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AAN’s Practice Guideline Update for Mild Cognitive Impairment


AAN’s Practice Guideline Update  for Mild Cognitive Impairment

American Academy of Neurology (AAN) has issued practice guideline, “Update: Mild Cognitive Impairment,” which has been published online ahead of print in Neurology ®. It will appear on January 16, 2018, print issue.

Major Recommendations –

For Assessing Mild Cognitive Impairment

  • For patients for whom the patient or a close contact voices concern about memory or impaired cognition, clinicians should assess for MCI and not assume the concerns are related to normal aging.
  • When performing a Medicare Annual Wellness Visit, clinicians should not rely on the historical report of subjective memory concerns alone when assessing for cognitive impairment.
  • For patients for whom screening or assessing for MCI is appropriate, clinicians should use validated assessment tools to assess for cognitive impairment.
  • For patients who test positive for MCI, clinicians should perform a more formal clinical assessment for diagnosis of MCI.
  • For patients with MCI, clinicians should assess for the presence of functional impairment related to cognition before giving a diagnosis of dementia.
  • For patients suspected to have MCI, clinicians who themselves lack the necessary experience should refer these patients to a specialist with experience in cognition.
  • For patients diagnosed with MCI, clinicians should perform a medical evaluation for MCI risk factors that are potentially modifiable.
  • For patients and families asking about biomarkers in MCI, clinicians should counsel that there are no accepted biomarkers available at this time.

Recommendations for Management of MCI-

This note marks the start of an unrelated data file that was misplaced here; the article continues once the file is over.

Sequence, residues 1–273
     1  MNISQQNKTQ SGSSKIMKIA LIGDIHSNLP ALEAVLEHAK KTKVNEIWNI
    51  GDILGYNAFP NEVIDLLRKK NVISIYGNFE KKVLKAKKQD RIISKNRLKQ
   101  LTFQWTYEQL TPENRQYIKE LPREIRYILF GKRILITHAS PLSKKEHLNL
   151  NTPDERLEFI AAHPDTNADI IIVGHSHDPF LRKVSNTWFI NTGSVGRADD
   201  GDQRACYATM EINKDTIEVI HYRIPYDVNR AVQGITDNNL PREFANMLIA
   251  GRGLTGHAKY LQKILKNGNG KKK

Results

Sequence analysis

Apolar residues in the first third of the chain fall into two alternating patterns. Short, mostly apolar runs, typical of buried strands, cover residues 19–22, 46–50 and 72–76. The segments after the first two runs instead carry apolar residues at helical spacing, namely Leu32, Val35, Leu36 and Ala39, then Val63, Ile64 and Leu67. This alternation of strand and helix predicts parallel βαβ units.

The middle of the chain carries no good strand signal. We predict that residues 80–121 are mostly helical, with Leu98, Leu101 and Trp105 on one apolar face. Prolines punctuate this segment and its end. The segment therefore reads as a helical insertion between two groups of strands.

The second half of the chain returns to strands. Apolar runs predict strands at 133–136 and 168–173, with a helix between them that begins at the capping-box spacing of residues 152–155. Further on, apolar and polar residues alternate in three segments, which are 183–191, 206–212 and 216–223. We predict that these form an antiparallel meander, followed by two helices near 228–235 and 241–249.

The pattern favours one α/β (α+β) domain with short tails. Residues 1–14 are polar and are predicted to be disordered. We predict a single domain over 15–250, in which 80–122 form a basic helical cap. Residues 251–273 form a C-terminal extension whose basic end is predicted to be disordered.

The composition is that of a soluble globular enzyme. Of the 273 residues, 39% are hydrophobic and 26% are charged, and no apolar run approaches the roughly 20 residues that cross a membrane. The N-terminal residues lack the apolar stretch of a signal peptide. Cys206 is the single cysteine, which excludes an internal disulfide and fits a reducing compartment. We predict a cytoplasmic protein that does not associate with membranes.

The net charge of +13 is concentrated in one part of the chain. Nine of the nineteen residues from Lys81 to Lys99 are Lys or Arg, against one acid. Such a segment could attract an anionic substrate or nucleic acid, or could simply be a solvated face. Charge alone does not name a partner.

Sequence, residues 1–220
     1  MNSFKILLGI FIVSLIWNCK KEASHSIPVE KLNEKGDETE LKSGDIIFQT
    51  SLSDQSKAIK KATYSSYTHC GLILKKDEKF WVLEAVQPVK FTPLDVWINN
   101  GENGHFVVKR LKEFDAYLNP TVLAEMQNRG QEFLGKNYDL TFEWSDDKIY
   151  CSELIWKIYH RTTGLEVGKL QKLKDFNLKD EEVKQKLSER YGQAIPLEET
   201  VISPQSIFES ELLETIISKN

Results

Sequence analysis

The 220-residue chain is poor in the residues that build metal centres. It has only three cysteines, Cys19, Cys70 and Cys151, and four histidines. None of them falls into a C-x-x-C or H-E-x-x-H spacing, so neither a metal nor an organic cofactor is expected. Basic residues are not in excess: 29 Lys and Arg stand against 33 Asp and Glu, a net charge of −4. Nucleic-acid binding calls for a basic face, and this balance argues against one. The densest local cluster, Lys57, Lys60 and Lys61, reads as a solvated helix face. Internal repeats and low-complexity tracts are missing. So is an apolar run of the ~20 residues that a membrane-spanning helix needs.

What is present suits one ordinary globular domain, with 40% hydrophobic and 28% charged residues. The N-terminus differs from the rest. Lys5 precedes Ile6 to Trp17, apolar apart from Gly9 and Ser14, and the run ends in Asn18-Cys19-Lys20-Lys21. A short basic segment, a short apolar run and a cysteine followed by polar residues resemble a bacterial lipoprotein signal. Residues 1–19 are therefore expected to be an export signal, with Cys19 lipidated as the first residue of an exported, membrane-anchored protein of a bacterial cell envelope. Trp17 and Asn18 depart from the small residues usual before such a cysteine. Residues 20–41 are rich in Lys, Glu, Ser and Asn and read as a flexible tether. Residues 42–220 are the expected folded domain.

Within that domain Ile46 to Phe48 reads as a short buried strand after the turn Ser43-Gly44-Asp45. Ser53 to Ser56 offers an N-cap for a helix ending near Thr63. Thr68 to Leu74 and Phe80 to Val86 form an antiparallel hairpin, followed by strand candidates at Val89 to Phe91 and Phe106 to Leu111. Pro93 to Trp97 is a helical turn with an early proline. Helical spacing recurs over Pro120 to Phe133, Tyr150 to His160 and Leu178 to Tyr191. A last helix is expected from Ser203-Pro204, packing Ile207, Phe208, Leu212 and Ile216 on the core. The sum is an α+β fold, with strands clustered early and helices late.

• For patients diagnosed with MCI, clinicians should wean patients from medications that can contribute to cognitive impairment(where feasible and medically appropriate) and treat modifiable risk factors that may be contributing.
  • For patients diagnosed with MCI, clinicians should counsel the patients and families that there are no pharmacologic or dietary agents currently shown to have symptomatic cognitive benefit in MCI and that no medications are FDA-approved for this purpose.
  • For patients diagnosed with MCI, clinicians may choose not to offer cholinesterase inhibitors.
  • If clinicians choose to offer cholinesterase inhibitors, they must first discuss with patients the fact that this is an off-label prescription not currently backed by empirical evidence.
  • For patients diagnosed with MCI, clinicians should recommend regular exercise (twice per week) as part of an overall approach to management.
  • For patients diagnosed with MCI, clinicians should discuss diagnosis and uncertainties regarding prognosis. Clinicians should counsel patients and families to discuss long-term planning topics such as advance directives, driving safety, finances, and estate planning.
  • Clinicians should assess for behavioral and neuropsychiatric symptoms in MCI and treat with both pharmacologic and nonpharmacologic approaches when indicated.

This practice guideline was endorsed by the Alzheimer’s Association.

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Dr. Kamal Kant Kohli

Dr. Kamal Kant Kohli

A Medical practitioner with a flair for writing medical articles, Dr Kamal Kant Kohli joined Medical Dialogues as an Editor-in-Chief for the Speciality Medical Dialogues. Before Joining Medical Dialogues, he has served as the Hony. Secretary of the Delhi Medical Association as well as the chairman of Anti-Quackery Committee in Delhi and worked with other Medical Councils of India. Email: drkohli@medicaldialogues.in. Contact no. 011-43720751
Source: AAN

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